Despite this, Cuadrilla said it had enough data to predict “a potential initial flow rate range of between 3 million and 8 million standard cubic feet per day”. Based on Cuadrilla’s figures, UKOOG upgraded its UK production estimates by 70% and predicted that at peak levels domestic shale gas could wipe out the need for gas imports.
First UK high volume frack for seven years
Cuadrilla announced the start of fracking at Preston New Road on 15 October 2018. There was intensive interest from the media, onshore gas industry and opposition groups. The well, known as PNR1z, would see the first high volume hydraulic fracture in the UK since 2011 and the first ever frack of a UK horizontal shale gas well.
The operation continued until 17 December 2018. The following day, the company issued a statement that it was moving equipment off the site for Christmas.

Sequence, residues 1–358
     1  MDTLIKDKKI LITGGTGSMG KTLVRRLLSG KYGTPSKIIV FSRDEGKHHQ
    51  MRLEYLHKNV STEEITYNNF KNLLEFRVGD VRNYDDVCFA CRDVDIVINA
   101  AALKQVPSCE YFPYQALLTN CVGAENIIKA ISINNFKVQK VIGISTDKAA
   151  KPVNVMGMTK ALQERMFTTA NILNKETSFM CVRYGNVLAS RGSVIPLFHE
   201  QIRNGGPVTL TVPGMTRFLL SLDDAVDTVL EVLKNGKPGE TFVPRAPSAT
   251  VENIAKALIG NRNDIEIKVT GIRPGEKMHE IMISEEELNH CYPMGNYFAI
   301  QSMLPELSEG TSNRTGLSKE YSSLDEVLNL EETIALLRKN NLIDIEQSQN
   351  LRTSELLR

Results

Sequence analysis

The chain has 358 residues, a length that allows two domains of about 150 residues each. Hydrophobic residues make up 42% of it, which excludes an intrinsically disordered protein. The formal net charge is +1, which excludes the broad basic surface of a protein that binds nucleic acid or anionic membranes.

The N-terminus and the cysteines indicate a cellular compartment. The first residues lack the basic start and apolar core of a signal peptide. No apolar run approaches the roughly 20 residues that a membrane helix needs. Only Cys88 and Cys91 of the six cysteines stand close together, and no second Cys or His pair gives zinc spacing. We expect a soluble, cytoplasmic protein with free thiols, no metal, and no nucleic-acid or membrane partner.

Equipment began to return three weeks ago but there has been no public statement that fracking has resumed. In February 2019, Cuadrilla indicated that it would not frack again at Preston New Road until there had been a relaxation of regulations on induced seismicity.
41% of days fracked
Cuadrilla had permission to frack on weekdays and Saturday mornings. This gave it 56 available days between 15 October and 17 December.
The logs show that the company fracked on just 23 (41%) of these available days.
The operation was most intensive in the first fortnight when there were mini and/or main fracks on every available day.
But from 3 November to 17 December, Cuadrilla fracked on just seven of the 39 (18%) available days.
36% of stages fracked
Cuadrilla’s hydraulic fracturing plan said the company would frack up to 41 stages of the well. It planned to start at stage 1, the toe of the well, furthest from the site, and continue progressively towards stage 41, nearest the well head.